It has been 10 years since I visited Sarajevo, a city where my father and his wife and my brother and sister live. My father was unwell towards the end of the year and I planned a visit right after the holidays and the mayhem of travel during that time. 

Sarajevo is a city in central Bosnia and Herzegovina. It sits in a valley surrounded by gorgeous mountains. lt was the host of the 1984 Olympic Games and a target during the 1990's conflict in the region. People are generous, welcoming, always cracking a joke, even though the city (along with the country) has made slow progress to join the rest of the newly created countries post 1990s. It is a wonderful place to visit and I will work on this idea as an additional chapter to my ambitious life:)   I will share that in the future as I work out the details and logistics. 

Sarajevo Barscarsija  Sarajevo Barscarsija

Sarajevo Barscarsija


But this visit not only gave me time in the city, but also time with my siblings and an opportunity to visit my father's studio, his creative den and to speak to him about what lies ahead. His recent brush with the end of life is shifting things in his head and since this is still fresh, he's taking his time to figure out how to proceed. Most recent works in the studio are the "flowers" but he's now debating whether they will get an additional layer as a reflection of his experience. 

Adin Hebib's art

Adin Hebib's painting


My father works in texture and layers. The recent paintings are cleaner and I tend to gravitate towards them as I am drawn to essential, minimal lines and colors. He starts with cleaner, whiter surfaces, but he is a layered and complex man, and this is reflected on each one of his canvases.  He tends to collage everything that is around him into his work, rags that he cleans his brushes with, women's bustiers, papers, writings, thoughts and he even glues brushes. For him Brush represents his Bread, how he makes his living. I never read that in any of the interviews but I appreciated hearing this from him. 

Details in Adin Hebib's studio

Adin Hebib's brushes

He varies in his subject matter. Women, self portraits, Old Bridge from our home town of Mostar, tree of life, crosses to name a few.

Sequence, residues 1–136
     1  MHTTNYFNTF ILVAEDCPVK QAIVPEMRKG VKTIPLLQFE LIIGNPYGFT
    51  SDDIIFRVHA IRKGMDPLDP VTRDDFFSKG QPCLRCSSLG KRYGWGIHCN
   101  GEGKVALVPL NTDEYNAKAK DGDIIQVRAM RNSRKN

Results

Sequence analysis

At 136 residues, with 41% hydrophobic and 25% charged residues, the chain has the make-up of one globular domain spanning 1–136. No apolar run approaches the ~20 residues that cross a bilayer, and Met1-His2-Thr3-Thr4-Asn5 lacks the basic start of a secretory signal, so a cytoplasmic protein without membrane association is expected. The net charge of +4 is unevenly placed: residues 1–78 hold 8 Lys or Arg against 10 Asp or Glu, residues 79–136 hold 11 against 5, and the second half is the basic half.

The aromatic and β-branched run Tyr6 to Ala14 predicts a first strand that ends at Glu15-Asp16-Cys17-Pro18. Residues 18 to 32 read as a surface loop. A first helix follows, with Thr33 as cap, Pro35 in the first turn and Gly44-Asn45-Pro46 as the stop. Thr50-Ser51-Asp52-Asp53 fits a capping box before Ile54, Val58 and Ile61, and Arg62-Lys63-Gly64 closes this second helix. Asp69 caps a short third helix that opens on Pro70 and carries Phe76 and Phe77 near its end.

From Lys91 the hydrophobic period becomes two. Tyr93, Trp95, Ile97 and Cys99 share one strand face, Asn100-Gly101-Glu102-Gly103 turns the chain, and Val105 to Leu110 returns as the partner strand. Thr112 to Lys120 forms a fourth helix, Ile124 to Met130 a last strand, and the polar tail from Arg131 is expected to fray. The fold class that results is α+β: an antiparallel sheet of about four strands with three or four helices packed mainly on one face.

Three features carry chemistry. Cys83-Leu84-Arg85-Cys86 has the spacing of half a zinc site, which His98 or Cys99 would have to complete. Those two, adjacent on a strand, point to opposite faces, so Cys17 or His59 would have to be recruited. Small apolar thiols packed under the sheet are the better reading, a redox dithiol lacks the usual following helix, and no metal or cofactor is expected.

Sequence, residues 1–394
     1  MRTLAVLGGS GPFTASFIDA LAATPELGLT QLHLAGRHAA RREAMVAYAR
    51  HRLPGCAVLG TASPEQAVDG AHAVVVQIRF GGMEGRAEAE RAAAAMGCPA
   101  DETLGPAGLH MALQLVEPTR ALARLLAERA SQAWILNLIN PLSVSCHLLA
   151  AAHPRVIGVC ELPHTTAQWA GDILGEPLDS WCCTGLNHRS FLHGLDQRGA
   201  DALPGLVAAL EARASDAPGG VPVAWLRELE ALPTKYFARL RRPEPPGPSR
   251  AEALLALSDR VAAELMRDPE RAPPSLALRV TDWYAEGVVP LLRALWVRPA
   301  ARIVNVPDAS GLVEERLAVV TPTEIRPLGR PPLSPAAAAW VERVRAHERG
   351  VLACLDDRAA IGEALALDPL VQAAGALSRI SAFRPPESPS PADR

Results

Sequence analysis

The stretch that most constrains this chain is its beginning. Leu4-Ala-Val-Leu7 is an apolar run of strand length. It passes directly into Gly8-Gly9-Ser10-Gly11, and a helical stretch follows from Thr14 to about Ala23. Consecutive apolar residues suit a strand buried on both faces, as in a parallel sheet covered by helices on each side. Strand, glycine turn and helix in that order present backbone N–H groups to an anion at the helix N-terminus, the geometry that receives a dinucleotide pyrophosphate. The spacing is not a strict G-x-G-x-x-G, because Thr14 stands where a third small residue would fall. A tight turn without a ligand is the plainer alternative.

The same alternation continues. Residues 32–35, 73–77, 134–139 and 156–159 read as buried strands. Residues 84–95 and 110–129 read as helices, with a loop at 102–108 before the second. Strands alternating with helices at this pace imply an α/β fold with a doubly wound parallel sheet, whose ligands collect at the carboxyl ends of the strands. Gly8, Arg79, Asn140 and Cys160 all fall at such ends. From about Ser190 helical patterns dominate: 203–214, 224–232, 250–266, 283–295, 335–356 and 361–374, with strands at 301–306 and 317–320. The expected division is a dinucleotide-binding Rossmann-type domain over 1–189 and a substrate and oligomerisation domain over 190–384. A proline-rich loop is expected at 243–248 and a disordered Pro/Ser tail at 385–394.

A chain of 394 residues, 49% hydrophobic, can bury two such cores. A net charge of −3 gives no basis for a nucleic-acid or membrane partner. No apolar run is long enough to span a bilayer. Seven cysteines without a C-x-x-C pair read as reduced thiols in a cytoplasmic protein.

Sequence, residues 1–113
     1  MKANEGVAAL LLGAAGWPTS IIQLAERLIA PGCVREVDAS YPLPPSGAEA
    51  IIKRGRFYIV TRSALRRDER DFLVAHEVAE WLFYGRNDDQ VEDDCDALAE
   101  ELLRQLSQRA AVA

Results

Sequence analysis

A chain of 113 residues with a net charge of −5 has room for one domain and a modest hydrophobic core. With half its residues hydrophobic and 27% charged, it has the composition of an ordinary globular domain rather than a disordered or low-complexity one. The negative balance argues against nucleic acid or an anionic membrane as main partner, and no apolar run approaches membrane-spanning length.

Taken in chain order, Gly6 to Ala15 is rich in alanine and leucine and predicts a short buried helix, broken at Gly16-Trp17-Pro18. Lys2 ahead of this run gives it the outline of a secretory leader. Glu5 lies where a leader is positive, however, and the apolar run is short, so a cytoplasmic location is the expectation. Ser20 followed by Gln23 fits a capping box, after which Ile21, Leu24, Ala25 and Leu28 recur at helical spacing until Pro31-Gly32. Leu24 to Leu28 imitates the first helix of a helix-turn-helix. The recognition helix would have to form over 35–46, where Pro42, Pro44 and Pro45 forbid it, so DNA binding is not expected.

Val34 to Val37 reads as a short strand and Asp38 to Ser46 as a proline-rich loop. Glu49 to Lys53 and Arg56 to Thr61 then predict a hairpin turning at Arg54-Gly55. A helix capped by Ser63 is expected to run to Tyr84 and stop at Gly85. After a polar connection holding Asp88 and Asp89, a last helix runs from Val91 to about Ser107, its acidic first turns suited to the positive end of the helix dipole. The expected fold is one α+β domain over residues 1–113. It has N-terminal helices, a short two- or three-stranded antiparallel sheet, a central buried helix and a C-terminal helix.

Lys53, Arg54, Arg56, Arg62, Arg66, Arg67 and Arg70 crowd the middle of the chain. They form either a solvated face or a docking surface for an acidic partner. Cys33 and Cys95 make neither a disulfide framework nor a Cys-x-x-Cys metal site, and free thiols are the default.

His women are nudes. "Woman" represents a mother; nurturing and giving, but also a raw woman that is a strong, sensual and sexual being. It has always been interesting to see his dedication to this subject matter and how that contrasts with him and his engagement with women. I can sometimes only grasp his respect and honor and awe through these canvases. 

Adin Hebib's studio

The bridge paintings were inspired by the destruction of the Mostar bridge, a 500 year old gorgeous example of the Ottoman architecture, destroyed by the Croatian military in the 1990s. For him, bridge is never broken or destroyed as it represents the ties between us, ties between the cultures that live in Bosnia and Herzegovina. He sees it transcend it's physical existence and continue to bring us all together.

Mostar Old Bridge by Adin Hebib

His studio space is filled with light, but he's a night owl and tends to draw the shades and work in the quiet hours of the night. We are different in a way that I prefer silence and he needs music, TV and loud sound at ALL times. Every space he inhabits, his studio, his apartment, his gallery, has his signature. He sees space as a blank canvas and constructs walls, designs built-in furniture that is perfectly fitted into the given space. He is meticulous and even his notebook is a piece of art onto itself. He draws in it, highlights, writes in ranges of sizes and colors to prioritize his plans and obligations. I was always fascinated how organized and precise he is- that streak is not as emphasized in my character:) 

He's a charismatic being, and for me an enigma in some ways. I understand him as an artist very well, and am amused and entertained in his company. I never understood him as a father figure. We very much lived separate lives, but our commitment to our work and our need to express ourselves through our respective mediums brought us closer together in recent years. 


My father's name is Adin Hebib. He lives and works in Sarajevo and I hope that I will be able to take some of you to his studio down the road for an intimate experience with him and his work. 

Adin Hebib


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  • Mia, I loved reading about your father, his home and his art. You both are so creative!

    Betsy Deegan on

  • This is Stella Adena’s MOM. I am in AWE of your posting/sharing about your visit&your Dad. His ART is of The SOUL to Me❣️

    Marlene Wasko Hardman on

  • This is Stella Adena’s MOM. I am in AWE of your posting/sharing about your visit&your Dad. His ART is of The SOUL to Me❣️

    Marlene Wasko Hardman on

  • I really enjoyed your post, the pictures, and I am more aware of the lives people live in far away places. I think of these people living parallel lives and often think about what are these people doing in x country as I go about my life here. It makes me sad that I have not done more traveling in my life.

    Tom Friedman on

  • Thank you so much for sharing the story of your visit to Sarajevo. It was so touching and interesting to read about your father and his art. You are both so creative and make such beautiful work.

    Dominique Bereiter on

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